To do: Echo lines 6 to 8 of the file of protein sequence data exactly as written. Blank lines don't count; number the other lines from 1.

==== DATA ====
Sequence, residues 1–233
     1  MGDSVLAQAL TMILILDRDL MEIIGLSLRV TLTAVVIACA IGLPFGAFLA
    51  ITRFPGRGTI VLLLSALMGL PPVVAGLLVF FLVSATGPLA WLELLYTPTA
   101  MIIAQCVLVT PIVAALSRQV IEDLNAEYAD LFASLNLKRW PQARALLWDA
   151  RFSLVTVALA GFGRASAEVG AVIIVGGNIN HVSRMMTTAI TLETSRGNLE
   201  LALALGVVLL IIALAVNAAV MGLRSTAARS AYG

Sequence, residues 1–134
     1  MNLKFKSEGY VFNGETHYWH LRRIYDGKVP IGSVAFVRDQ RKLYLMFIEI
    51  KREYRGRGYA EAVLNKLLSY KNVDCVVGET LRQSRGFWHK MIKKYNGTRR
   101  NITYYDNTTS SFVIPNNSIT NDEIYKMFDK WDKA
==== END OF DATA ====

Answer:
   201  LALALGVVLL IIALAVNAAV MGLRSTAARS AYG

Sequence, residues 1–134
     1  MNLKFKSEGY VFNGETHYWH LRRIYDGKVP IGSVAFVRDQ RKLYLMFIEI